Before launching Sweet Earth out of their family home in 2012, co-founders Brian and Kelly Swette each had successful careers complete with corner offices – he as a former PepsiCo exec, eBay COO and Burger King chairman and she as a top marketing executive at PepsiCo and Calvin Klein. But they both gave it all up to go all in on a business venture that – at least on the surface – had more going against it than for it.
Luckily, their gamble and hard work paid off with Sweet Earth Natural Foods growing quickly and catching the eye of Nestlé USA, which acquired the young brand in 2017.
In this episode of FoodNavigator-USA’s Investing in the Future of Food, Brian Swette talks about balancing the risks and benefits of launching a food business, how to navigating funding in an industry with notoriously tight margins and how to ensure an acquisition goes smoothly long after a deal is finalized.
Reflecting on the past six years, Swette jokes that there are four things he did wrong when launching Sweet Food, which by all accounts should have led to its demise: “One, was I entered the food industry, which traditionally is super competitive and has low margins. Secondly I did it with our own money. And three I had my own reputation and fourth I was working for my wife. So, there are many things you might second guess on.”
But, he adds, in many ways these ‘mistakes’ laid the foundation for Sweet Earth’s success because they allowed him and his wife to pursue a mission that would resonate with consumers, which was to create food that could sustain a healthy body, cultivate and curious mind and palate and honor and sustain the land. But while that dream and duo’s passion were essential to Sweet Earth’s start, they were not enough alone to guarantee long-term success.
Following the money
The reality is launching a successful startup requires much more – including money. Luckily, there is a lot of it out there right now for food and beverage companies. But as Swette explains, where that money comes from will influence the long term trajectory of a business and what founders can and cannot do. Which is why in the beginning, the Swettes opted to bootstrap Sweet Earth before taking on an investor and ultimately selling to Nestlé.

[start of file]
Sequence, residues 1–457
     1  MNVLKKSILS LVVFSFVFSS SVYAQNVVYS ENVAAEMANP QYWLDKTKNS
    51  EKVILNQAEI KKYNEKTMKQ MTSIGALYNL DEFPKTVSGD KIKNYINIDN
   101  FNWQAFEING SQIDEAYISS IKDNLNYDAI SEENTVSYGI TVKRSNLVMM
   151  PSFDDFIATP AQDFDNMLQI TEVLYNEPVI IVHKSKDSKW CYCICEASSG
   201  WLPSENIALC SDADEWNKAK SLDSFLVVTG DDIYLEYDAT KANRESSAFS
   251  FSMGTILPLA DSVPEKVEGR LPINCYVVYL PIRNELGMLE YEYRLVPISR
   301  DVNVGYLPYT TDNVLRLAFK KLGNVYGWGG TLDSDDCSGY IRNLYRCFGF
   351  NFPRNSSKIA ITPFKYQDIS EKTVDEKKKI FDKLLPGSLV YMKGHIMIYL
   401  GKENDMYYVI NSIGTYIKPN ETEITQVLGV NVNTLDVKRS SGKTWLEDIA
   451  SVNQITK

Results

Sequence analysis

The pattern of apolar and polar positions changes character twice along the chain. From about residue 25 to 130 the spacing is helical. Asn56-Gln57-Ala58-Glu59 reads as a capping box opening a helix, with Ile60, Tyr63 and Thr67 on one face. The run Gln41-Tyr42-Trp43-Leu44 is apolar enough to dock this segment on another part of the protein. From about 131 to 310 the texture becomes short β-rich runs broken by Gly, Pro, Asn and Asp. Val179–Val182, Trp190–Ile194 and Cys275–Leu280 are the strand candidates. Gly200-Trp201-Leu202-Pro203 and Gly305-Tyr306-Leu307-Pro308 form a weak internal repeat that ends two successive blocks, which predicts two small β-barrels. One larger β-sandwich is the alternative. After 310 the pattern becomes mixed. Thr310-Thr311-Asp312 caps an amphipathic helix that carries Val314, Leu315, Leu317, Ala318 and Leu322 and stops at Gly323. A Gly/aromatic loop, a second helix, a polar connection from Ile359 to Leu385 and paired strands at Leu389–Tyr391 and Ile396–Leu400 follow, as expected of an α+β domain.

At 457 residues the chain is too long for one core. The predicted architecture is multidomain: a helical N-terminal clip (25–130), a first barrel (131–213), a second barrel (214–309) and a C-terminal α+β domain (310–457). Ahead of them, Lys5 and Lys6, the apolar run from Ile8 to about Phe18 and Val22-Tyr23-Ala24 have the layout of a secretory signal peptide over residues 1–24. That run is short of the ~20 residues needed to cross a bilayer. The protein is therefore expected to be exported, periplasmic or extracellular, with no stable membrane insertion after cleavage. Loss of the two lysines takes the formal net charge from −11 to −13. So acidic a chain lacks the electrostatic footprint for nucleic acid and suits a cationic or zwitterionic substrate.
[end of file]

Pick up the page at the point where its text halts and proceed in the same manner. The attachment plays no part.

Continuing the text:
“When you read those financial books [on] how to get rich and how to be successful, [they say] always use someone else’s money,” Swette said. But, he explained, Sweet Earth ignored this maxim because “we just wanted to … focus our energy on doing the project versus raising money.”
Also, the duo wanted to run their business their way, and providing all the funds gave them total control.
But eventually, Swette said, the needed not only more money – but more insight, discipline and street cred, all of which experienced investors could provide.
“There is a certain street cred to say, huh, people have evaluated you. You have gone through that rigorous process and they have given you the investor stamp of approval. And in our case, we went with Renewal out of Canada, and they were aligned with us from a mission standpoint,” so Sweet Earth didn’t have to compromise its mission to secure funding, Swette said.
Knowing when to exit
With Renewal’s help, Sweet Earth quickly leveled up and found itself facing off with the big national brands on store shelves – only it didn’t have as large of a budget or as much clout, which placed it at a distinct disadvantage, and a crossroads for deciding how best to move forward financially.
Swette explained that the company initially explored private equity investors, which he says “everyone does,” but that ultimately selling to Nestle was a better bet because “we fit like a glove for them” and he saw more potential for growth while still holding true to the mission that started it all.
Negotiating a mutually beneficial deal for the long term
To minimize any ‘hiccups’ that might occur after the acquisition, Swette recommends that players on both sides of the negotiation table think hard not just about the potential deal, but also about what happens after the deal closes.
“People will spend immense amounts of time looking at the deal,” and trying to maximize their value, but they should spend upwards of 70% of their time also considering the integration plan to ensure that everything is laid out with clarity so that one seems like a perfect union doesn’t fall apart in the first year.
By focusing on the details and maintaining open communication, Swette says both Sweet Earth and Nestle are benefiting from the acquisition, and he predicts the two will do better together going forward than they would apart.
In particular, he said, Sweet Earth is excited to continue innovating with Nestle’s technical support, which already helped the brand roll out a new line of frozen pizzas. Swette said he also is eager to leverage Nestle’s scale, by integrating “certain functions a little bit more,” to ensure the long term viability and reach of the brand. And finally, he said, he wants to help Nestle reinvent itself to better serve evolving consumer needs in the long term.